-abandoned the narrow and restrictive interpretation of federal power which Lord Watson and Lord Haldane dictated
Garth's reasons for federal-provincial conflict
1. provincial governments stir up conflict with the federal government to attract from internal conflicts 2. class conflict (e.g. farmers in Prairies vs. central Canada bourgeoisie) 3. conflict represents the conflict between different class fractions within the dominant world of corporate capitalism-> people with problems appeal to the level that will be most sympathetic 4. regionalized nature of the economy concentrates power into certain areas 5. conflict essentially between competing organizations, each with its own goals
disallowance and reservation powers
so far haven't been particularly useful or successful and really only used to deal with western provinces. Over time seemed more undemocratic. Not a good tool for reelection. always made people sympathize with the provincial government that it was used on.
a government brings forth its own legislation or to another level of governments to the courts and asks for advice as to how to strengthen its own bargaining position or to accelerate the process of resolving the dispute.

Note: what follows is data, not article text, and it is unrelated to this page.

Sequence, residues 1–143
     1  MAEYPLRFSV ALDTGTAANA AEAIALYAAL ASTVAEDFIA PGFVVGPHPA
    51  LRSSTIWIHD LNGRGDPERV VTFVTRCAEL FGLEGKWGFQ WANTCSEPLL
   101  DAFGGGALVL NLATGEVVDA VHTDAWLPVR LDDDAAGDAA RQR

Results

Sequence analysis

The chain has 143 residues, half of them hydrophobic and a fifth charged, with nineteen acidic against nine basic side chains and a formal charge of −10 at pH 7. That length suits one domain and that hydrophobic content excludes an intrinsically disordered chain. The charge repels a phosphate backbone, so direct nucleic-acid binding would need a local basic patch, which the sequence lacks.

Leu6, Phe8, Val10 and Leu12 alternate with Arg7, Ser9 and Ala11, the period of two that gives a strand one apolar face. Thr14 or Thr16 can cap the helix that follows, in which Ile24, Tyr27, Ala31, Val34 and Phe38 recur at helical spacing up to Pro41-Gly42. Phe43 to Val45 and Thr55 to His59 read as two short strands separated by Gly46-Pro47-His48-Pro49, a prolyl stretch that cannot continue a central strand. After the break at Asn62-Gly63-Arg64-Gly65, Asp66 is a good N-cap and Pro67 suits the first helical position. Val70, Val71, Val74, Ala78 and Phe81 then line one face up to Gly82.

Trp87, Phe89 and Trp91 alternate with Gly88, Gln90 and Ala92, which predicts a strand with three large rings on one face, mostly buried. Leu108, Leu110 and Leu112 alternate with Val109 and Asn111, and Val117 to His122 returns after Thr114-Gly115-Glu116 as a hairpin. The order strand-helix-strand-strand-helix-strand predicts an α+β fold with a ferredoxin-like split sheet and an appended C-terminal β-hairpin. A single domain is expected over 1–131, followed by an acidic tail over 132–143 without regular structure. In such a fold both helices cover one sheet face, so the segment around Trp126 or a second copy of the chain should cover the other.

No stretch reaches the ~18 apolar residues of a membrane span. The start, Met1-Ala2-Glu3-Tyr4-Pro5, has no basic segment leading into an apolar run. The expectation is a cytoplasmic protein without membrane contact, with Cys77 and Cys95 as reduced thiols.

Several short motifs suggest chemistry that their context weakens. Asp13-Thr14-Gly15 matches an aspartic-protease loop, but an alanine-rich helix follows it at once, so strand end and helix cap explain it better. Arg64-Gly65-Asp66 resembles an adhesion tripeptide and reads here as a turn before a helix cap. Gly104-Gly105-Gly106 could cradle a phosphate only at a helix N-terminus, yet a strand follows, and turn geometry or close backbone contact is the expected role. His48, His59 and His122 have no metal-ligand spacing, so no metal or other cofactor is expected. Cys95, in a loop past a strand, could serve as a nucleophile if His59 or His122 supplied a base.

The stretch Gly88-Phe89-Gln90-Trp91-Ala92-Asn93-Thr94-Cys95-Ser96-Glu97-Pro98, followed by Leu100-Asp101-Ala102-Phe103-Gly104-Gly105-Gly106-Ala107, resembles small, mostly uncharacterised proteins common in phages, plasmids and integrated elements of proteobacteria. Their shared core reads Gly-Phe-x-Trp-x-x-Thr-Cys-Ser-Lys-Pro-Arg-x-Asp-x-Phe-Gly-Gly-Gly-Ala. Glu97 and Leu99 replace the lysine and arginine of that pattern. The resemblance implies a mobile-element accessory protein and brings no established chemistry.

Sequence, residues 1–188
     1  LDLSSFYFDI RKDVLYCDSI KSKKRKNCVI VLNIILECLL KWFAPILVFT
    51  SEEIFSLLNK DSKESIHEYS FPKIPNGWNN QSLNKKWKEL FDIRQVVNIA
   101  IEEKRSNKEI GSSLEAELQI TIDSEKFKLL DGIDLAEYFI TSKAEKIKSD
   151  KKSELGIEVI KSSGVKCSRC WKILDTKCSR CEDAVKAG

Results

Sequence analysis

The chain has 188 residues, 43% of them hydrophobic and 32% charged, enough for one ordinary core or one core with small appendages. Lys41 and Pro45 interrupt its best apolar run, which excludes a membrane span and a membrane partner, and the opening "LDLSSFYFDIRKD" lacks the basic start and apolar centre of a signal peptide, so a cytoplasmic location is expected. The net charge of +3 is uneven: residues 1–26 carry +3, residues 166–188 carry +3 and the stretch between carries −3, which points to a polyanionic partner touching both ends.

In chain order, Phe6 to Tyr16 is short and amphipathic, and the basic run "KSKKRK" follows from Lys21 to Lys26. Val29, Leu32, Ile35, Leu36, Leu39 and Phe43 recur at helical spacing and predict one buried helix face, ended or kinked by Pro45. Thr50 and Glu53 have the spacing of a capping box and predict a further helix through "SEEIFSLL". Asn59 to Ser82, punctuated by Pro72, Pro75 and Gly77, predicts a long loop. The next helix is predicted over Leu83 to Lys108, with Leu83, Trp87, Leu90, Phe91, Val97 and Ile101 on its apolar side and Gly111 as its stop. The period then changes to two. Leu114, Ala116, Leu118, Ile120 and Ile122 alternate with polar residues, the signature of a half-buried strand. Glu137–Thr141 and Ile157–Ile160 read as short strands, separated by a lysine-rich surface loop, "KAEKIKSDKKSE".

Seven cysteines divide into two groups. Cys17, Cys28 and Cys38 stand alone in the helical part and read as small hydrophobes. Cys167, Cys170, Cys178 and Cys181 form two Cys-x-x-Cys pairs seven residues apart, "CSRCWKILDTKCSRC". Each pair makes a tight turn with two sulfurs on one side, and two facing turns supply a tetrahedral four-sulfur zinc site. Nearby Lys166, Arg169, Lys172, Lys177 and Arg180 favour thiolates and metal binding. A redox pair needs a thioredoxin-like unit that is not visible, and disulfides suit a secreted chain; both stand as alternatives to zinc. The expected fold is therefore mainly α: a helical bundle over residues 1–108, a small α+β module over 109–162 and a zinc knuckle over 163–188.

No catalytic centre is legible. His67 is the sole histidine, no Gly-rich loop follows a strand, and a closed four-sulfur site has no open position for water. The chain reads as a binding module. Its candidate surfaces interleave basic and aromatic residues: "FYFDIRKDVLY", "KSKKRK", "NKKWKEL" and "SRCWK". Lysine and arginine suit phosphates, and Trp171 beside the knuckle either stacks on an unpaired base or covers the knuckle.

R. v. Hydro-Quebec (1997)
Important case because the Supreme Court managed to uphold the Canadian Environmental Protection Act by showing that damage to the environment can be classified as "toxic" and dangerous to human health, thus falling under criminal law
RJR-MacDonald v. Canada (1995)
Supreme Court decided that under the Tobacco Products Control Act, the government could prohibit the advertising of tobacco as it was a harmful substance, even if it chose not to prohibit the sale and consumption of it
Re Firearms Act (2000)
using the Hydro-Quebec case and the RJR-MacDonald case, the Supreme Court showed that because public safety came under the criminal code, the regulation of guns could fall under federal jurisdiction